Lyon said neither Long Beach or Ilwaco has violated the terms of the “Statewide General Permit for Biosolids Management and Site Specific Land Application Plan,” under which they are authorized to dispose of their Class B biosolids. But wintertime applications, said Lyon, are forbidden under the intention, if not the letter, of the permit. He said the new ban will be more specifically included in the next permit, due in 2020.
“It’s just not the way the program was intended to be run,” Lyon said.
Long Beach and Ilwaco are the only cities in Washington that dispose in the winter months, he said. Both cities’ practices were reviewed after DOE received a complaint early this year that biosolid waste was being spread during “a large rain event.”
Lyon said because the complaint came in at the same time the cities were renewing their applications, the practice would have been reviewed and halted anyway. Neither city currently has the storage space to stow their Class B waste through winter.
“They were outliers, for lack of a better term,” Lyon said, explaining why the decision was made to prevent the cities from spreading biosolids in the winter. “It’s not ideal anywhere in the state of Washington. It’s particularly not ideal in a community where it rains so much.”
Lyon said lots of rain, high water tables and sloped disposal sites used by the cities present contamination threats to waterways. Decreased absorption by plants in winter presents further problems, Lyon said.
Ilwaco and Long Beach don’t need to go to EQ, but they need to find a solution; all of which will be more expensive than what the cities have been doing. DOE said its deadline is reasonable.
“I’m trying to give both cities time to come up with a good approach,” Lyon said, offering encouragement that the cities ally toward a solution. “There’s some economies of scale for working together.”
Not enough time
But officials from both cities say four years is not enough time to come up with the plans and funding necessary to successfully meet the deadline. Ilwaco Councilman Gary Forner said not only was he floored by the DOE decision, but also wary the deadline can be met without a lot of financial hurt.
“I mean, two small municipalities, that can be a major drain on them financially,” Forner said. “Four years notice is kind of short.”
Forner said if the cities were to build a plant, it would take considerable time to coordinate plans, find an appropriate property, obtain the necessary permits, finish the engineering and environmental studies and complete construction.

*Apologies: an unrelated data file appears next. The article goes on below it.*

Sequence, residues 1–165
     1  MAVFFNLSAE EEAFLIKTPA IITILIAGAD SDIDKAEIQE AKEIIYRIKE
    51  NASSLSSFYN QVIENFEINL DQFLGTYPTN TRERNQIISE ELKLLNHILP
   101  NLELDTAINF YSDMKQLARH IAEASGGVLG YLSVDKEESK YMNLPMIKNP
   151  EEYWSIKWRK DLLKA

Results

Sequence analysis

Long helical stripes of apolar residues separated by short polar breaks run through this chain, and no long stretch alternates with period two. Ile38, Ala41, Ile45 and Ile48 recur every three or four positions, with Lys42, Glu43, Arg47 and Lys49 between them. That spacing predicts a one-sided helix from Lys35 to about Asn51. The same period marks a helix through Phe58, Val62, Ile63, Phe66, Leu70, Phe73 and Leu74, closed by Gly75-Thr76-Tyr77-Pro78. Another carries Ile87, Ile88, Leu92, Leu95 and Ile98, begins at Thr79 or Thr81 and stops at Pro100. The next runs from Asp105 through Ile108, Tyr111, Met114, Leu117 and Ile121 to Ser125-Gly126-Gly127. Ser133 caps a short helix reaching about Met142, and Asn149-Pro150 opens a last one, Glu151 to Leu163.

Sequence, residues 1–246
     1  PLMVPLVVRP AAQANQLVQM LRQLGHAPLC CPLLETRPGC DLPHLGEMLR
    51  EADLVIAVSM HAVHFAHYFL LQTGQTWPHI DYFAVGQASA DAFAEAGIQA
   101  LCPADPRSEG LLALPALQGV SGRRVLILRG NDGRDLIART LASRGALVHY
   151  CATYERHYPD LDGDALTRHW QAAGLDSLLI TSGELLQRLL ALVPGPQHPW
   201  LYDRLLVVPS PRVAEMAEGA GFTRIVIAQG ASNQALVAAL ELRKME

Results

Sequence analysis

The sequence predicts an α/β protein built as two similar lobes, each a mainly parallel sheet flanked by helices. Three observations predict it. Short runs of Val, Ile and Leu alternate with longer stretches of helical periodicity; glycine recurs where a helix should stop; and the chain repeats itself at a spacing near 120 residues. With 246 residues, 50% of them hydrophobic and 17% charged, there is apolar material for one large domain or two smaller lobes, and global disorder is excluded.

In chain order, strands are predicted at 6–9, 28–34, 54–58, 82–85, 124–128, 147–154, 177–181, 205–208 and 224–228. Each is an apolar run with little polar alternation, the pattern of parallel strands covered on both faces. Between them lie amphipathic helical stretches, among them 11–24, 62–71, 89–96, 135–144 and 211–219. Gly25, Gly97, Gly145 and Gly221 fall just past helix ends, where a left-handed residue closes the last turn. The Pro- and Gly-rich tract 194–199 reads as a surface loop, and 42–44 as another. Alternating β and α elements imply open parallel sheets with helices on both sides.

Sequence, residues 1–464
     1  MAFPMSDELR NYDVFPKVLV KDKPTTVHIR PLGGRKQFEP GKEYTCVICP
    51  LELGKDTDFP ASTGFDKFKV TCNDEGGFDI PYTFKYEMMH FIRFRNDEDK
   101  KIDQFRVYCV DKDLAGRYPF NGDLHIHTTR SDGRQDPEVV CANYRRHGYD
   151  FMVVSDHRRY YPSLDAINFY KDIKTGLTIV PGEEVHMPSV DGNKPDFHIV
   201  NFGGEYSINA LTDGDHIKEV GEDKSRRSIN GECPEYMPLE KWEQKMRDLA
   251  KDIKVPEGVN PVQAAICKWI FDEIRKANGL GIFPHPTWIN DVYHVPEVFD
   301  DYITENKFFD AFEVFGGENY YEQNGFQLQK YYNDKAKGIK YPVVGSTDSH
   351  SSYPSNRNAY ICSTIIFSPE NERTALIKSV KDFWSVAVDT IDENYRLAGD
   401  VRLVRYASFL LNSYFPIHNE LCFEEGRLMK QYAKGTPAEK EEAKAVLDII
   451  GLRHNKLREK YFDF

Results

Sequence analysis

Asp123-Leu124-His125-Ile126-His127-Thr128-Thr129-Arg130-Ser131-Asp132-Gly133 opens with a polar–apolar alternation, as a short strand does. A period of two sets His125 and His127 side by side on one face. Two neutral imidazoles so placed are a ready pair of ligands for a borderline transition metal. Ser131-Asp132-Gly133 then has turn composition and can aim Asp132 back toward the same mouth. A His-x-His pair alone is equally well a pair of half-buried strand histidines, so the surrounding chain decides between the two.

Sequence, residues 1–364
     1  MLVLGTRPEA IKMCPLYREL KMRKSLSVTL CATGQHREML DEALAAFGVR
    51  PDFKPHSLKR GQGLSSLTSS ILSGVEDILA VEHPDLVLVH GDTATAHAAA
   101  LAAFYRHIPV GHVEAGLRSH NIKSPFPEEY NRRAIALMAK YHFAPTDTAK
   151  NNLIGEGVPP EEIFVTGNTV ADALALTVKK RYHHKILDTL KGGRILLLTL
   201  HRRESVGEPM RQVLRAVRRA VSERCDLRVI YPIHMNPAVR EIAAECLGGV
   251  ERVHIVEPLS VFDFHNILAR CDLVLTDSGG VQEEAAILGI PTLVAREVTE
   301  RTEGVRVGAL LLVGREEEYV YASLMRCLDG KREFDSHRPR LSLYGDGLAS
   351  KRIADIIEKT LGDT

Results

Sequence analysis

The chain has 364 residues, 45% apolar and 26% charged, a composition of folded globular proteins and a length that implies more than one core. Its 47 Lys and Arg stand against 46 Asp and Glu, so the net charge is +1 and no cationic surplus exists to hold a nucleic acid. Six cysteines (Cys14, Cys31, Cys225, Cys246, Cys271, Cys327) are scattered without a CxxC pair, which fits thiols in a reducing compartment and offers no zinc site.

Both city governments said the newly introduced limitation will cost millions in either increased shipping costs to move biosolids to a distant location, or the considerable costs of building a Class A, EQ-quality plant.
Forner said Ilwaco would likely have to raise sewer rates to offset the costs associated with building a new biosolid plant, “unless we get a huge federal grant, and those aren’t free.”
Because no rules were broken and no contamination was identified in DOE’s review of their current practices, Forner would like to see the government either come up with some funding help or reconsider the impending ban altogether.
“I hope they kind of back away from this and let us proceed in the way we’ve been doing it,” Forner said.
Dewatered biosolids. Photo: WA DEQ
Ilwaco Mayor Mike Cassinelli, Mayor Phillips and other city officials recently toured Class A certified plants in Raymond and Westport. Phillips said those tours were educational and Long Beach is now initiating a study to look more closely at the costs of building a plant with Ilwaco as well as any financial gain associated with selling the EQ ‘compost.’ Despite moving forward, Phillips expressed his frustration with how the DOE decision was made, and he said the requirement puts an undue burden on small coastal communities.
“Every year DOE changes their rules and stuff,” Phillips said. “It would have been nice to do it on our time instead of DOE’s time”
In 2011, Wahkiakum County banned all spreading of biosolids on its public and private lands. The DOE then sued the county. In 2014, the state’s Court of Appeals ruled that Wahkiakum’s ban violated the state’s constitution. In 2015, the Supreme Court declined to hear an appeal from the county. Pacific County commissioners Steve Rogers, Frank Wolfe and Lisa Ayers wrote a letter to the governor in defense of Wahkiakum’s ban, saying DOE had previously “failed to adequately supervise the application of biosolids to many sites in Lewis County…” and that resulted in “contamination” and threats to public health, and damage to fish and wildlife.
“Both Pacific and Wahkiakum counties play a major role in salmon recovery, and cannot allow live microrgaisms to enter our rivers and streams,” the county commissioners said.
According to DOE, 99 percent of pathogens must be removed during wastewater treatment for biosolids to be declared Class B.
Phillips said he was disappointed by the commissioners’ letter.
- A version of this story was originally published in the Chinook Observer